15. IndigoChild5559

    IndigoChild5559 Loving God and my neighbor as myself.

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    How widespread does the abuse have to be before one can accuse the Church of SYSTEMIC corruption? Even the Pope, by calling a worldwide summit, has basically acknowledged the extent of the problem.

    Again, take my comments in context. The Catholics aren't the only ones with this problem. They are just the only organization big enough for it to be a constant news story (that and the media really hates the Catholic Church). Try getting some poor Chasid family to come out of the woodwork about the Rabbi when it means being accused of lashon hara and mesirah and being shunned by their whole community.
     
  16. metis

    metis aged ecumenical anthropologist

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    I covered that in a previous post here whereas I mentioned that in the Protestant church I grew up in, there were three scandals and yet not one article even in the local papers about it. Am I gonna blame Judaism because of Bernie Madoff and Michael Cohen?

    It's easier by far to blame a conspicuous organization while not really getting much information on smaller organizations, as I alluded to above. Not only have there been numerous scandals within Judaism, there undoubtedly still are some unresolved. Am I to blame all of Judaism for that? No way.

    Then I believe the same should be true with how one deals with the Catholic church or any other church or branch of Judaism. It is not only important, it's also moral to only blame those that committed these crimes, which were a small minority of priests and the specific bishops that just moved them around.

    Also, not only has the Church taken measures to confront the problem, the rate of these allegations has sharply fallen off. Mind you that I agree that Church hierarchy was way too slow to adequately react, but progress is being made. Doesn't that count for at least something?

    IMO, blanket condemnations are unethical, not only by Christian standards but also by halacha, so to blame an entire organization because of the actions of a minority simply is not ethical, imo. If you disagree, then we are simply going to realize that we will never agree on this and just leave it at that.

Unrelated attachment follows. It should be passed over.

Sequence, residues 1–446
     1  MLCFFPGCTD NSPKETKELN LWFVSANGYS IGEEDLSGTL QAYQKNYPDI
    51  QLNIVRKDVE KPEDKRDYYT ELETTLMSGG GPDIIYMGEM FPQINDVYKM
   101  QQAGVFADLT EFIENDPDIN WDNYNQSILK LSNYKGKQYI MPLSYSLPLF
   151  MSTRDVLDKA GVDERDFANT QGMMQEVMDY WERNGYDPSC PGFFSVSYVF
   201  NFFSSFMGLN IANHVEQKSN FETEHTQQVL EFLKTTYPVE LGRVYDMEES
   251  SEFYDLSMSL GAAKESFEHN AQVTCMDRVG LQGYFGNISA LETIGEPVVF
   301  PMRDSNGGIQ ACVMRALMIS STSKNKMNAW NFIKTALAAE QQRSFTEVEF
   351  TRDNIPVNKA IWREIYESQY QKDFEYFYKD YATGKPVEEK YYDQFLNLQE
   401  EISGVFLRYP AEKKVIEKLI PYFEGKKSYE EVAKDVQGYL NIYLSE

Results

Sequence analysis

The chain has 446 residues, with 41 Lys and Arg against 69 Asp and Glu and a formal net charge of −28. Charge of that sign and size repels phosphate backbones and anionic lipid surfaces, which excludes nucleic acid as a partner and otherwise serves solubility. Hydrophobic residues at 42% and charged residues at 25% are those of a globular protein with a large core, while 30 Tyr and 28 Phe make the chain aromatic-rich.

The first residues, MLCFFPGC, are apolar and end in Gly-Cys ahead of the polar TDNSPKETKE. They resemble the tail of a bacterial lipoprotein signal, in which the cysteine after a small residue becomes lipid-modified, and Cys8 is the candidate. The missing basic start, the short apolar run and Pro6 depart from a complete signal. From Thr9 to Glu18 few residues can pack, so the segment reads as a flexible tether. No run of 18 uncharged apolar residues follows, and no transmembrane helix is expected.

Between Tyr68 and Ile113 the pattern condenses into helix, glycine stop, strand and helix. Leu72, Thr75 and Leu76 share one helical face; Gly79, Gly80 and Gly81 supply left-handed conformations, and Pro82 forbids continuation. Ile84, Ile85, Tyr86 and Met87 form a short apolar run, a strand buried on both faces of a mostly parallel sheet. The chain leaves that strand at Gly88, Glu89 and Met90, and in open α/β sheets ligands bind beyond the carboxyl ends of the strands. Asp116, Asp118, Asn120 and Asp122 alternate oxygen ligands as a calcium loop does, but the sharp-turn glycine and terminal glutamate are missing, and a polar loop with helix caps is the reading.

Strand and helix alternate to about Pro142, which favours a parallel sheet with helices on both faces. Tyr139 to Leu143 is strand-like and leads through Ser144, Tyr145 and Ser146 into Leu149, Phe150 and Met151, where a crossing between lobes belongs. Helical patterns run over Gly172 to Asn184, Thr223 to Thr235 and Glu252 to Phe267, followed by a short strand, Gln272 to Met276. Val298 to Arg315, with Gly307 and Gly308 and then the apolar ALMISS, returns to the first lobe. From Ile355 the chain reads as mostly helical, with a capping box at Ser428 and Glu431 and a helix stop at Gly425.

17. IndigoChild5559

    IndigoChild5559 Loving God and my neighbor as myself.

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    Here I have some measure of disagreement.

    Reports of abuse are considerably less than, say, 30 years ago. But they are still coming in. What is WORSE is that some of the bishops are STILL covering up and trying to save the Church rather than the victims. All the reforms put into place back in 2002 by the conference of bishops were supposed to keep these things from happening again. Yet those exact same things are what came to light in the Summer of Shame.

    I am a firm believer in the reality of our duality of our nature -- the inclination to good and the inclination to evil. I was not holding my breath for any real reforms to come out of this latest summit, so I am not disappointed. Indeed, I think that real reform will take a very long time.

    As for the summit, authentic reform would have taken these things:
    1. A new rule stating that likely offenders MUST be reported to the civil authorities, and making priests mandated reporters. On this there appears to be at least some progress -- it was discussed. I'm not sure if anything binding was passed, though.
    2. The scandal needed to be widened to include all vulnerable people exploited by those in authority over them, such as nuns and seminarians. It was not. It's almost as if to say that it's not really a problem unless it's children they are molesting.